Winners & Losers

This week’s biggest Winners & Losers

Who’s up and who’s down this week?

Would you ever guess Gov. Kathy Hochul has a sense of humor when it comes to her biggest political downfalls? Hochul brought the house down at this year’s Legislative Correspondents Association show – revered by some as a “great Albany tradition.” Speaking of great performances, our very own Peter Sterne was in, not just one, but TWO Hulk Hogan documentaries. But perhaps the best performance was from Long Island high schooler Ethan Brown who successfully convinced his school district to close schools on the Friday before the Memorial Day weekend.


Christine Quinn and Diana Ayala -

The former New York City Council Speaker-turned-homeless services advocate has been lobbying hard for a package of bills backed by the (current) Deputy Speaker aimed at making it easier for people in shelters to get housing vouchers, freeing up shelter space to house more asylum-seekers. Mayor Eric Adams – last seen trying to convert schools and libraries into migrant housing – unexpectedly opposed the reforms due to the cost of the vouchers. But Quinn and Ayala ultimately prevailed. This week, the Council passed the bills with a veto-proof majority.

Jeffrey Gural -

Jeffrey Gural showed how a real developer buys a building at auction after he cast the winning bid for Manhattan’s iconic Flatiron Building and actually followed through on the purchase. A previous winning bidder who came up short didn’t even make a $19 million down payment. Gural, an owner of Tioga Downs, doesn’t seem to have a problem cashing in his chips. Could the Flatiron become a casino? For now, Gural may convert the building into apartments and leave the rest as office space.

Michael Carrube -

Around the New York City metropolitan area, 4,100 lucky people are celebrating a 9.5% raise after months of negotiations. They’re all part of the MTA Subway Surface Supervisors Association, and their new contract was ratified May 19. Michael Carrube is the president of the city’s second-largest transit union, which is not in charge of tiles, concrete and steel, but rather supervisors in the subways and on the surface (buses). Maybe when it comes to union clout, name recognition isn’t all that it’s cracked up to be.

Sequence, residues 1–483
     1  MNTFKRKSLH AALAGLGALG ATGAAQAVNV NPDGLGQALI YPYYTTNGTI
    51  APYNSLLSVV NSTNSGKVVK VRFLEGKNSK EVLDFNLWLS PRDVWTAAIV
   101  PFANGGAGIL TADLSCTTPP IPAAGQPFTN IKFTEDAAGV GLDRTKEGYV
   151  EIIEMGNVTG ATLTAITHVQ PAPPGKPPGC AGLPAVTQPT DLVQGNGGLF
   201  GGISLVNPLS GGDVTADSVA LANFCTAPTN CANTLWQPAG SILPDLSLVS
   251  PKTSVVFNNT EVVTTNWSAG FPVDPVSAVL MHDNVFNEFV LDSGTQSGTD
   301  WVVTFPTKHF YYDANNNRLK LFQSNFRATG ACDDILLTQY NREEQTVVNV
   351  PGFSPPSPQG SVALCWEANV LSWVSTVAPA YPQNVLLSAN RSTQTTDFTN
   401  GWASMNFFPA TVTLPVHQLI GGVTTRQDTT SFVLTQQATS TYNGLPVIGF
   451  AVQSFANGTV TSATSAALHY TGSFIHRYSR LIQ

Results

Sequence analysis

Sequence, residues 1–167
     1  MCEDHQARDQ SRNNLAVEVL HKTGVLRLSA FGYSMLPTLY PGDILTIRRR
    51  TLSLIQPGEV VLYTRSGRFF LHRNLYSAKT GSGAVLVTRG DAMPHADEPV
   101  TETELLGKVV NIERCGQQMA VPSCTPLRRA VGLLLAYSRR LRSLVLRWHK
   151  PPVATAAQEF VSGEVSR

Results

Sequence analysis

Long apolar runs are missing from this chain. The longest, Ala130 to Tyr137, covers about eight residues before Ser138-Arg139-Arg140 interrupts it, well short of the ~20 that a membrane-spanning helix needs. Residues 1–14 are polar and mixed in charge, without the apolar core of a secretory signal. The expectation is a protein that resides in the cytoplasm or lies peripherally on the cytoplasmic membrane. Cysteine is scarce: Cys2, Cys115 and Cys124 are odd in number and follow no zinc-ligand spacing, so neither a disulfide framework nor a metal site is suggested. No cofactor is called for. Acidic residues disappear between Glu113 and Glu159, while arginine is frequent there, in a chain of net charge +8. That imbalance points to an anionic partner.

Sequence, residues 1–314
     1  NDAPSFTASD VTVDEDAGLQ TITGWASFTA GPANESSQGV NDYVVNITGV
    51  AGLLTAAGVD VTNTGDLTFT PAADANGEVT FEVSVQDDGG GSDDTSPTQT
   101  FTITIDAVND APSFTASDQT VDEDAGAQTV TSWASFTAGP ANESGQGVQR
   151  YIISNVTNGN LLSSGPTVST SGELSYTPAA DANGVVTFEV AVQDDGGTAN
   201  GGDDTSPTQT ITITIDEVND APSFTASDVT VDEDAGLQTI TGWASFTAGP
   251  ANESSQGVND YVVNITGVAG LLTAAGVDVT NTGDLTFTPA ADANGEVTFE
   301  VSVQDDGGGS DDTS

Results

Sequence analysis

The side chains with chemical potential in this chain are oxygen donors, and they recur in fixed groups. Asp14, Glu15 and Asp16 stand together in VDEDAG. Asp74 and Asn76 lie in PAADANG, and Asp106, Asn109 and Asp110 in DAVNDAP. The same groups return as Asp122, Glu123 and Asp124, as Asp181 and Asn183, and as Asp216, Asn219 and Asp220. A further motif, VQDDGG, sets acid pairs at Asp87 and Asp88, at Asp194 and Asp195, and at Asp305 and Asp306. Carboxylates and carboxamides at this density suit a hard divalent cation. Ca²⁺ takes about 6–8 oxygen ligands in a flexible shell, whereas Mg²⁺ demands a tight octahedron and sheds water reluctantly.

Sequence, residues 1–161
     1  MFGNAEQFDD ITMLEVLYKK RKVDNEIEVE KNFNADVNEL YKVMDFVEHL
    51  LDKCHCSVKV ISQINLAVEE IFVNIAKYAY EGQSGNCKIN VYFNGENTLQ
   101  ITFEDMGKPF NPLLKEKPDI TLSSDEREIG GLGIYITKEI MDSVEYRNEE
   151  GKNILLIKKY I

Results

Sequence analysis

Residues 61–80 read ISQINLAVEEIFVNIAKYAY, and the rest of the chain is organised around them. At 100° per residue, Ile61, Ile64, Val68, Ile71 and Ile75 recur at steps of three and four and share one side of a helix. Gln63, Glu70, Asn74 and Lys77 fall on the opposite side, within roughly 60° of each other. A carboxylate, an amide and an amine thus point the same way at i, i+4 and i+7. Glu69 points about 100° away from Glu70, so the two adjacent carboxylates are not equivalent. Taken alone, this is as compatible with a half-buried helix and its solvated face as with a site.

Eric Adams -

Maybe you should’ve made her a deputy mayor? The New York City mayor’s obsession with naming chief something officers and whatever czars might be hurting him, as Chief Housing Officer Jessica Katz is planning to leave City Hall while Eric Adams continues to struggle to find housing and provide services for tens of thousands of asylum-seekers. And on top of that, the City Council is passing a housing voucher bill he hates and daring him to just deal with it.

Hector Rosas -

State Comptroller Tom DiNapoli announced that Hector Rosas, Dunkirk’s former festivals coordinator, was indicted on charges of allegedly stealing $57,000 from the city, including $15,000 raised to help hurricane victims in Puerto Rico and $42,000 in festival beer sales. Rosas, the brother of Dunkirk’s mayor, is a former city water meter reader and laborer who was promoted to festivals coordinator in 2016. The indictment hasn’t slowed Dunkirk’s jam packed festivals calendar, with a full slate of summer concerts planned.

Vickie Paladino -

New York City Council Member Vickie Paladino may want to consider buying a shovel. Not because she’s apparently nearly $20,000 in the hole – this is New York City after all and debt runs almost as rampant as its rat population – but because misrepresenting yourself on financial disclosure forms (in this case a 2021 filing with the city’s Conflicts of Interest Board) is a slippery slope. Just ask her friend George Santos.